By Rebecca Danvers
According to an announcement by the city, Somerville’s “Pocket Change” workforce development program for low-income, out-of-school young adults has a new partner—Help Around Town, a website that allows businesses and residents to post one-off jobs and part-time employment opportunities at no cost to them.
While the Pocket Change program targets young adults aged 18-24 just entering the workforce, the Help Around Town platform can be utilized by all residents; anyone can post jobs and/or apply to them.
Young adults in the Pocket Change program can identify their membership by using a special badge, and employers can give preference to applicants with the Pocket Change badge on their profile. Pocket Change participants get alerts when new jobs become available and case managers help them to apply and follow up.
Through the site, Pocket Change case managers can track communication between job applicants and employers, assisting each applicant in the application process as they work to eventually match the participant with full-time employment opportunities. Job-posters can contact the Pocket Change case managers to provide feedback when necessary. Several participants in the Pocket Change program who applied for one-off jobs with Somerville businesses through the site and have already transitioned into more permanent employment with a local business.
On a broader level, the Help Around Town platform connects local residents with others in their community, to provide support and job opportunities in a hyper-local way. When you need a second set of hands on a project, this provides a new way to ask your neighbors for help.
Via a $7,500 contract through April 2015, the city will pay for improvements to the Help Around Town website platform that will allow the city to continue to use the site for the Pocket Change program through April and beyond. Funding for the contract and the Pocket Change program is provided through a $100,000 Working Cities Challenge Grant, awarded to the city in early 2014 by the Federal Reserve Bank of Boston.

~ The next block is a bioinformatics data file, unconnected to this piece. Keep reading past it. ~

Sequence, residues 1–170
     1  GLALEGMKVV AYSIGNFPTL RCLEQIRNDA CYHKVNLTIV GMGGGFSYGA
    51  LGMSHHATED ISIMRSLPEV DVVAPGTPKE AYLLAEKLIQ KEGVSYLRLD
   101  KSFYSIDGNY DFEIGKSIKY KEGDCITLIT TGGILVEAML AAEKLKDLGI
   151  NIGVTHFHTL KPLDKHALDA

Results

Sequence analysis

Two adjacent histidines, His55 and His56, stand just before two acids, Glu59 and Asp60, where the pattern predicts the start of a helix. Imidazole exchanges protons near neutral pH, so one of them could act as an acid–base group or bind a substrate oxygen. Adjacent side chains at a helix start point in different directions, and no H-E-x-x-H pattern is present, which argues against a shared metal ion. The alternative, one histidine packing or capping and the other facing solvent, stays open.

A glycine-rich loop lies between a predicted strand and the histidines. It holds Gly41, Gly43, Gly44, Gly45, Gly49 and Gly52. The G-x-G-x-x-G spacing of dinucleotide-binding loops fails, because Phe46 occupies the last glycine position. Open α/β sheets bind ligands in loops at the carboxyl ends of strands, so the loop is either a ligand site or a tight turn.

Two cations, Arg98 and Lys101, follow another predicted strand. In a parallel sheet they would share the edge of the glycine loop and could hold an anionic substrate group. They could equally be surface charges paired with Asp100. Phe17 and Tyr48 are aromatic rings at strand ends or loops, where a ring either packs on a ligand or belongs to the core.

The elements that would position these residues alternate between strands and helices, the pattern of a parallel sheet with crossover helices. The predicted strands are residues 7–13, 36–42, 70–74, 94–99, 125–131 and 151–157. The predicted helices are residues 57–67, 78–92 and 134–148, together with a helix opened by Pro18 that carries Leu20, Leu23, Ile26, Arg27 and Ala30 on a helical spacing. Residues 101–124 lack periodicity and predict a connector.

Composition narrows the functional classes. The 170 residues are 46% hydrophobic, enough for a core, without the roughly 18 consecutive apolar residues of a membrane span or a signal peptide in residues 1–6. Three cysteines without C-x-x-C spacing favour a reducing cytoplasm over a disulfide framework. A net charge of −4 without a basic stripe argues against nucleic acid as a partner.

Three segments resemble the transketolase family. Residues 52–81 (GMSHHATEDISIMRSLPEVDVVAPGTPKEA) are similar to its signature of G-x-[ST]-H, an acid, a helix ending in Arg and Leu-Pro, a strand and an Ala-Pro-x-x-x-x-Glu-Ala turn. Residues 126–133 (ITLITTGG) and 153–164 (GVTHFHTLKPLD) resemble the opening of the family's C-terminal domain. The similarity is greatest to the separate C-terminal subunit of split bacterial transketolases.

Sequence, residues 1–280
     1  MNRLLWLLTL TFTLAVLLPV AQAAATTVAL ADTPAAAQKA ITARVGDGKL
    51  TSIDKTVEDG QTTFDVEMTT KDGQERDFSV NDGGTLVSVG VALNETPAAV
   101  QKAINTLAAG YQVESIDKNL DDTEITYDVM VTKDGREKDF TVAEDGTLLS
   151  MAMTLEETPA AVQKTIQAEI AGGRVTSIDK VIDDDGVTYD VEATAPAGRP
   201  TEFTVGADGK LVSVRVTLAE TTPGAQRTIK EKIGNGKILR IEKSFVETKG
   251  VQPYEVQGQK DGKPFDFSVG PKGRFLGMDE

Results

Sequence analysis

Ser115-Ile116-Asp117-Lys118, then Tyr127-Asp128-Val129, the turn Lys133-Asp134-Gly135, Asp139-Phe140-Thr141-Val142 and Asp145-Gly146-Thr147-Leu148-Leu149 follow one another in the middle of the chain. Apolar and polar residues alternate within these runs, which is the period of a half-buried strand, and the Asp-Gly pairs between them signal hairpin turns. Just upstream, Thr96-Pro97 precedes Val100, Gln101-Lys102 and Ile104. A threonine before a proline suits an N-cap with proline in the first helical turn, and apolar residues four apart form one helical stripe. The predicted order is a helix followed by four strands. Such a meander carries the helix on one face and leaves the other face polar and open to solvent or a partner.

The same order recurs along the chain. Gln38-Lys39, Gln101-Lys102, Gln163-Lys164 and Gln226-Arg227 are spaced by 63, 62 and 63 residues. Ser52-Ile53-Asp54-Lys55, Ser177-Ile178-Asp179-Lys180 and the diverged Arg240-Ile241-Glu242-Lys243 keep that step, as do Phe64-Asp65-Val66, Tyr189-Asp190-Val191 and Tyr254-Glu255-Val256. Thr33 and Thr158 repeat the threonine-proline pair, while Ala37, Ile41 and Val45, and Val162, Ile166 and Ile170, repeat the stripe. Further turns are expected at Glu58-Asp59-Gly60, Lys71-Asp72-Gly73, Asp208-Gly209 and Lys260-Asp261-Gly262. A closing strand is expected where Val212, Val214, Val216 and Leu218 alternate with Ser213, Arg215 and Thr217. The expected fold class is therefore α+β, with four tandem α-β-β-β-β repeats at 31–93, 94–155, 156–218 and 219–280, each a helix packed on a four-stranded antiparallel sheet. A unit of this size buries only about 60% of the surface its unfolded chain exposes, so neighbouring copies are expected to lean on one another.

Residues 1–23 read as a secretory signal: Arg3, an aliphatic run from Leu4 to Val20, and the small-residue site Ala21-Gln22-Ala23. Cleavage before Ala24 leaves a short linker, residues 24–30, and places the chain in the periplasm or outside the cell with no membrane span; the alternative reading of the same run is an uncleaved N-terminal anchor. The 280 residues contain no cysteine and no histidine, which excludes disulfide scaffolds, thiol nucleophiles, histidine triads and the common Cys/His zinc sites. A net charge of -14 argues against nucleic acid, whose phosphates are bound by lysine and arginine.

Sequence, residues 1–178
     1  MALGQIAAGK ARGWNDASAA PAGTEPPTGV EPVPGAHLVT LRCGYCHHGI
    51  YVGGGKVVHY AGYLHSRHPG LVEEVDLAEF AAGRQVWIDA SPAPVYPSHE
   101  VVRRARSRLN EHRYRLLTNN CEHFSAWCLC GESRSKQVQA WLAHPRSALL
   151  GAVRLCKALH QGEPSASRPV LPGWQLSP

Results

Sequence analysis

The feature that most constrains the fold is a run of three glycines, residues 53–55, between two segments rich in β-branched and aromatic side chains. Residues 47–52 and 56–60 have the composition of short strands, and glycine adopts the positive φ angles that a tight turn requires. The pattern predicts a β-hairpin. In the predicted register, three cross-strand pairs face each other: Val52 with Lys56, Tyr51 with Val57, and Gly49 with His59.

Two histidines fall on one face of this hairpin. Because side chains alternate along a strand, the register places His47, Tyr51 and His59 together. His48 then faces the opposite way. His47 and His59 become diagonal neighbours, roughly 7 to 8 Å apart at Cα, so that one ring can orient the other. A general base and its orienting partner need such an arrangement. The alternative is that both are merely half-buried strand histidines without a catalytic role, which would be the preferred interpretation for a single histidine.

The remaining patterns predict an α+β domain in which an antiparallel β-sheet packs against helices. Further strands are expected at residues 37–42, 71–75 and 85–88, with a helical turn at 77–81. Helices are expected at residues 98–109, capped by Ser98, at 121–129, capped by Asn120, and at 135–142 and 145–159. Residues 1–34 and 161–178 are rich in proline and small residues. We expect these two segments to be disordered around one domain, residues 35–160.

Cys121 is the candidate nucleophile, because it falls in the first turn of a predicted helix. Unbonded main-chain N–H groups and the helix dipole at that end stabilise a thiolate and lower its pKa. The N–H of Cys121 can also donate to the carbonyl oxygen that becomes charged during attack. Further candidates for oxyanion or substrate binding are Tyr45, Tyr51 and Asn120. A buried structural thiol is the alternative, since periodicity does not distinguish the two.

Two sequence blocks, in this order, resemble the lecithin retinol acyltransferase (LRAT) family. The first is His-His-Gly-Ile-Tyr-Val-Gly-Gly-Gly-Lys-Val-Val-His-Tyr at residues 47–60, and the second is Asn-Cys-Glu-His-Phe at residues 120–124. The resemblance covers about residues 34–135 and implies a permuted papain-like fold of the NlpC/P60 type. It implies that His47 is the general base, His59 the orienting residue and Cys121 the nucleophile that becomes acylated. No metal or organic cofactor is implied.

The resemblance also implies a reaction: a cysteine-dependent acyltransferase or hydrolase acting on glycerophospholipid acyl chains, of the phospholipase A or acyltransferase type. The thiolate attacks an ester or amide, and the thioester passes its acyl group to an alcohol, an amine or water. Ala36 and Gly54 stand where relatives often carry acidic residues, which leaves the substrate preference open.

The Pocket Change program is designed to connect low-income, out-of-school young adults to full-time employment opportunities and reduce their chances of unemployment. Because many of the program’s participants have little formal work experience, the program links them with “micro-level” jobs around the city that provide a bit of “pocket change” and teach on-the-job skills. Pocket Change participants also take part in a series of soft-skill workshops that focus on job readiness skills, such as interviewing, resume writing and group dynamics, and hard-skill training such as CDL licensing, restaurant training and other certificate programs.
The Working Cities Challenge is an initiative with a two-fold goal: to advance collaborative leadership in Massachusetts’ smaller cities and to support ambitious work to improve the lives of low-income people in those cities.
For more information, or for businesses and residents interested in participating, please contact Amanda Maher, firstname.lastname@example.org, 617-625-6600 x2528, or go to www.HelpAroundTown.com.